2023 AFL Draft Review: Western Bulldogs
A HAUL of five fresh faces landed at Whitten Oval as Western Bulldogs recruited heavily at the 2023 AFL Draft. Two first round selections were welcomed on night one, including a father-son gun, along with a trio of late picks on night two. We recap the Bulldogs’ draft effort.
>> UPDATED: Every Pick in the 2023 AFL Draft
10. Lachie McNeil (re-listed)
21. Taylor Duryea (re-listed)
>> ANALYSIS: Big winners, bolters & sliders
It was no surprise to see the Bulldogs select Ryley Sanders with pick six after being heavily linked with the Tasmanian midfielder. This year’s Larke Medallist proved a consistent performer whose inside craft is all class, on top of a developing outside game based on smarts and work rate.
Sanders offers relatively readymade on-ball depth to an already strong Bulldogs engine room and was arguably one of the leading two pure midfielders available this year. His numbers were breathtaking at the National Championships, averaging 36 disposals for the title-winning Allies.
The move to nab a midfielder comes on the back of the Bulldogs drafting relatively tall over the last few years. It became evident that the club was looking to go smaller at this pick ever since trading with Gold Coast for it. Sanders was their man.
Matching a bid for father-son nominee Jordan Croft was the Bulldogs’ next focus on night one, and it came in the expected range. Sydney called out his name with pick 15 and he duly became a Dog, following in the footsteps of his father Matthew, who played 186 games in red, white and blue.
At 200cm, Croft is a terrific runner with both speed and endurance in his arsenal. He also attacks the aerial ball with vigour and has serious upside. He’ll need some time to fill out, develop, and become a more consistent player, but his potential is among the best of this year’s talls.
He joins a strong group of key position players who have been tied to the Bulldogs in recent drafts. Jamarra Ugle-Hagan and Sam Darcy are among them and will be a couple of starting 22 players whose quality should allow Croft the time to settle into life at the top level.
The Bulldogs made three selections within 10 picks on night two, starting with GWV Rebels graduate Joel Freijah (45). A specialist wingman, the 190cm running machine holds his width well and works into either arc of the ground. His discipline and understanding of the role appealed to the Bulldogs.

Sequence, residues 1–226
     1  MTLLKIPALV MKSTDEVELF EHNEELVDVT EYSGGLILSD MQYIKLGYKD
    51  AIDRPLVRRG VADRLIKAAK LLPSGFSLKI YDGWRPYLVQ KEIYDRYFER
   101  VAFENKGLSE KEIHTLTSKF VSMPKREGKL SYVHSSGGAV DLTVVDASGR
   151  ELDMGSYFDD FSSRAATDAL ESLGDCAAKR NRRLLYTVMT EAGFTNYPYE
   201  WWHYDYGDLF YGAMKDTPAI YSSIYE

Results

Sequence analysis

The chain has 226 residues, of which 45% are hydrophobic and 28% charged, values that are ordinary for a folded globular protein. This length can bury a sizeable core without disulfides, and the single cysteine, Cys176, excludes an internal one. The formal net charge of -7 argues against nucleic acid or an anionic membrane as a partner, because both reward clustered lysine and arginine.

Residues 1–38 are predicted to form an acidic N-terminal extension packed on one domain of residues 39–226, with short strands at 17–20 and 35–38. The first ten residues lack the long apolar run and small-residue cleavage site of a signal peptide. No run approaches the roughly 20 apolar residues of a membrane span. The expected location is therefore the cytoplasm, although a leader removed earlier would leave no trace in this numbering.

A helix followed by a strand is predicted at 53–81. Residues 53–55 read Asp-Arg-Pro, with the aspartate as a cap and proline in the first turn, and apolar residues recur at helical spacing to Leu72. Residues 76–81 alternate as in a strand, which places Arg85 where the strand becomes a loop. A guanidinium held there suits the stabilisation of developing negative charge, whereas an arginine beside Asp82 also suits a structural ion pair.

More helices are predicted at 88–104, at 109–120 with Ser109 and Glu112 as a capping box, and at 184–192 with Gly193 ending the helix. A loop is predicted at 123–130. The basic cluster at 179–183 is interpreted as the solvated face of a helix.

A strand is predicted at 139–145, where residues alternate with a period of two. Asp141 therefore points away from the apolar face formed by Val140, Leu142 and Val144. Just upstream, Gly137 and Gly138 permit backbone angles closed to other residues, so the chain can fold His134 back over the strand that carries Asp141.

Freijah was once considered a first round chance after bursting onto the scene with a remarkable Coates Talent League outing in Round 4. He booted six goals from 26 disposals to put his name on the map, before becoming a consistent performer for the Rebels and Vic Country throughout the year.
Freijah’s Vic Country teammate Lachlan Smith was next off the board at pick 47. The physically imposing 202cm ruck is a late developer footballing-wise, but has hit the heights of the talent pathway despite relatively limited exposure. His stature, presence and scope for improvement appealed.
Rounding out the Bulldogs’ crop was West Australian wingman Aiden O’Driscoll. The brother of Fremantle’s Emma and Nathan is a hard-running outside type who can also roll forward, perhaps set to be utilised as a small utility of sorts.
He tested brilliantly at the National Draft Combine and brought his flair to this year’s WAFL Colts Grand Final, where Perth went down by 11 points. His energy as a 175cm runner is terrific and he’s the type of player capable of opening up the play in exciting bursts.
Re-listing Lachie McNeil and Taylor Duryea was the Bulldogs’ only point of call in the Rookie Draft. Having brought in five fresh faces, former-Hawk Lachlan Bramble was also welcomed to the club recently as an SSP addition.